The tacit collusion case to be discussed involves the illegal collusion and setting of fuel surcharges to commercial and cargo transatlantic fares between British Airways (BA) and Virgin Atlantic Airways (Virgin). The factors which contributed to its success will be discussed, as well as why, and its implications, of becoming public. To begin with, it would be beneficial to define both collusive behaviour and the nature of the competition involved in the aviation industry. Collusion is the act of a number of firms within an industry agreeing to set a certain price, output or another parameter and is almost always against the law. This is as they all compete in the given industry, with the setting of prices or outputs done in favour of the companies, and is therefore anti-competitive behaviour, as this moves the outcome away from the market equilibrium. The generated inefficiency is considered illegal by The Office of Fair Trading (OFT) within the UK, who’s mission is to protect consumer welfare whilst ensuring businesses remain competitive and fair (OFT,2011). A brief overview of the UK aviation industry will help in explaining and justifying certain factors which led to the successful collusion. Aviation is key not only for transportation purposes but for commercial flights, employing around 234,000 staff and contributing £18.4 billion to Gross National Product (GNP). The industry is not only essential for global business and trade, but 75% of all visitors to the UK travel by air and adds a further £14 billion towards GNP (BATA, 2011). The USA and the European Union have signed an ‘open skies agreement’ allowing full access to all routes between the two continents, although is more restrictive to EU airlines (IACA, 2007). In the specific case of BA and Virgin, oil price rises based on the price of barrel oil as shown in ‘Appendix 1’, created rising fuel costs and uncertainty over future profit levels. Several airlines in the UK and global aviation industry brought in flexible fuel surcharges for passengers and cargo planes. The tacit collusion case of Virgin and BA showed that through communication, and agreeing to certain price rises at a given date, the negative impacts on production costs can be in part offset direct to the consumer. Through the formation of such an agreement, a ‘prisoner’s dilemma’ game scenario is formed. This game revolves around joint outcomes based on individual actions, and the payoffs which are created from this. The choice to co-operate in decision making proves to be more beneficial than the absence of any collusive behaviour, although there is always the threat of deviation to add even more uncertainty to the question. Carlton and Perloff (2003) describes how in such a game, both firms must consider each rival’s actions when making their own, and relate the combination of actions to determine best policy. Airline Market - Transatlantic flights | |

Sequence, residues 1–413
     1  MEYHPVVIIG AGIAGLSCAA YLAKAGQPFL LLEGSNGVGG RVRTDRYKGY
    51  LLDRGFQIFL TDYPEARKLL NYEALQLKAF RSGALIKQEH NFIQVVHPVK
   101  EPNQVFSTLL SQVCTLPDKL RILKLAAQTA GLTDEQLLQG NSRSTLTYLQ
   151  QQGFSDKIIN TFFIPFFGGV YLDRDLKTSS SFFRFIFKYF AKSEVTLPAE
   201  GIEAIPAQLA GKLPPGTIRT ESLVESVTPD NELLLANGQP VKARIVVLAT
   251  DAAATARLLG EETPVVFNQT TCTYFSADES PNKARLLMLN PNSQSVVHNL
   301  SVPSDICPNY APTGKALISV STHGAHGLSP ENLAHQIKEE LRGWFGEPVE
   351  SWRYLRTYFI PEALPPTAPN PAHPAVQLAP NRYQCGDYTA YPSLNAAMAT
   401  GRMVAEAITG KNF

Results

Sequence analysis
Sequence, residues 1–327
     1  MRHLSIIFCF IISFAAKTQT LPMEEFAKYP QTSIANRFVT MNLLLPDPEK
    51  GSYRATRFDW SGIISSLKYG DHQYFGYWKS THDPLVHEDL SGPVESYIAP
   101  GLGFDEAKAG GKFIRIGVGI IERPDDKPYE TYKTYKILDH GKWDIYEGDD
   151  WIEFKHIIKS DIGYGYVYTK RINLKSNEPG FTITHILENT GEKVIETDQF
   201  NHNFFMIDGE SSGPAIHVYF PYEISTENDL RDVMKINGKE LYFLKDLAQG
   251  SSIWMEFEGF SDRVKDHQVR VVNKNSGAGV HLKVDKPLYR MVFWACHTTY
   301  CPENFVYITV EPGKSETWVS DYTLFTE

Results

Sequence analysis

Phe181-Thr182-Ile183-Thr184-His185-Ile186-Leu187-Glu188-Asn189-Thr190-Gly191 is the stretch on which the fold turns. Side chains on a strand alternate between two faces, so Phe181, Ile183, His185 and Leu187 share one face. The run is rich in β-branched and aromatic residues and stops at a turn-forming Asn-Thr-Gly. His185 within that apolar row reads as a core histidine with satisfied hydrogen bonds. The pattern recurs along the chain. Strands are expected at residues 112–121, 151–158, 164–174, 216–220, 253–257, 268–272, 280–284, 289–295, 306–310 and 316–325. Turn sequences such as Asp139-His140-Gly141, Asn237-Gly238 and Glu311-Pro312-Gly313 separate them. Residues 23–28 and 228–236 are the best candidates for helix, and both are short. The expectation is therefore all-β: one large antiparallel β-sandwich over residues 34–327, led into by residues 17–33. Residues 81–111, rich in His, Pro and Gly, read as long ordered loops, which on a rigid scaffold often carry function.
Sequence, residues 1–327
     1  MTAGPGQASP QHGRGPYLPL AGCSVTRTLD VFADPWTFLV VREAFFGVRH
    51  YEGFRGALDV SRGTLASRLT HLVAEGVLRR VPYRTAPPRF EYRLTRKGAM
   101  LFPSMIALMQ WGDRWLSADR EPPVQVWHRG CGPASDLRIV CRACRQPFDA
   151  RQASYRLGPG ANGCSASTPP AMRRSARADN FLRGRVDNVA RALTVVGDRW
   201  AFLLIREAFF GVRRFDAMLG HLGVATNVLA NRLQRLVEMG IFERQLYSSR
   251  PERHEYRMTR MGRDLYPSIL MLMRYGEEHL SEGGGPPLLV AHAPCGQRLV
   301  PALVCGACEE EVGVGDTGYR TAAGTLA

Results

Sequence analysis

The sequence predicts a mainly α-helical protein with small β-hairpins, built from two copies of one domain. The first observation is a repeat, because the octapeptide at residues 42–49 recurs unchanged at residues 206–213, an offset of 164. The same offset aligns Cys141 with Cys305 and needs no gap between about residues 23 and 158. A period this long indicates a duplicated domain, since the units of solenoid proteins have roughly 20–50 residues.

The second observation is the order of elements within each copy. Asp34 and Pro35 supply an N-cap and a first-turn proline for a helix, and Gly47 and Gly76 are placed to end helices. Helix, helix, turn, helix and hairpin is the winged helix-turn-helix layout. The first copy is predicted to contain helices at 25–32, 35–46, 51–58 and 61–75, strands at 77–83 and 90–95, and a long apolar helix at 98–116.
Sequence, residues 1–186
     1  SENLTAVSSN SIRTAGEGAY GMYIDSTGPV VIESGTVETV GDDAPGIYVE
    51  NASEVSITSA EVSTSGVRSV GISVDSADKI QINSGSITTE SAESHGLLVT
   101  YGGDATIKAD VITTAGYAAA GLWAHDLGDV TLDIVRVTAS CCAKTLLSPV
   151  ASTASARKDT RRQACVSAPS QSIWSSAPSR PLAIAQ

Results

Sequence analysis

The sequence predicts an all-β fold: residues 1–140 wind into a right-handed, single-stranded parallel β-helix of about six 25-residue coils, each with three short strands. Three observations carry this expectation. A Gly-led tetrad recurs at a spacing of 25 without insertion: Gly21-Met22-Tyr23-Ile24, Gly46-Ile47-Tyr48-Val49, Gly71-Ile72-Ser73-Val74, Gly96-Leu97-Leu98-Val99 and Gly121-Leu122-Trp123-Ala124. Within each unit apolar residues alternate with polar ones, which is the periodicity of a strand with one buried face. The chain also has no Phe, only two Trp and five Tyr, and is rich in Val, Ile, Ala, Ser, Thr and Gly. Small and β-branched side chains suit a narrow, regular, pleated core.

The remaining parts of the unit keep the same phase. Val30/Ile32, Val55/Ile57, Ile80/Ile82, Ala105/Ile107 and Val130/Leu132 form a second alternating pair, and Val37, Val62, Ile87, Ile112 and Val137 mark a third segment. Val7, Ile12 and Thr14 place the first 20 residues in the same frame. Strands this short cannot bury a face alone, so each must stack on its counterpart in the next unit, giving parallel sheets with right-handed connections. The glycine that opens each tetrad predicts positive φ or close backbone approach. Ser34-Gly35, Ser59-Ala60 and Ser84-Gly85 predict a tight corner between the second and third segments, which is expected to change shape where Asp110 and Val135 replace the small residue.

| | Virgin Atlantic| |
| | High surcharge| Low surcharge|
British| Higher surcharge| 25,25| 15,30|
Airways| Lower surcharge| 30,15| 10,10|
| | | |
Profit from Cooperation = 25 + Profit from deviation= 30 + Note: ∏D > ∏C if r > 1 will prove that deviation from collusion unlikely
This constructed game holds several assumptions which may be of use to explain the relative success of the collusive agreement. To begin with, it involves the firms meeting and setting prices more than once, in a repeated game, as fuel surcharges are relatively flexible prices which were changed to relate to the price of fuel, which was extremely volatile as shown in Appendix A. Following on from this repeated game, it is also for an undefined period. As the price rises came very suddenly, it created an uncertain future with no foreseeable end. Carlton and Perloff (2003) agree with the theory that in a multi-period game, deviation becomes much more costly, and through signalling can lead to successful collusion...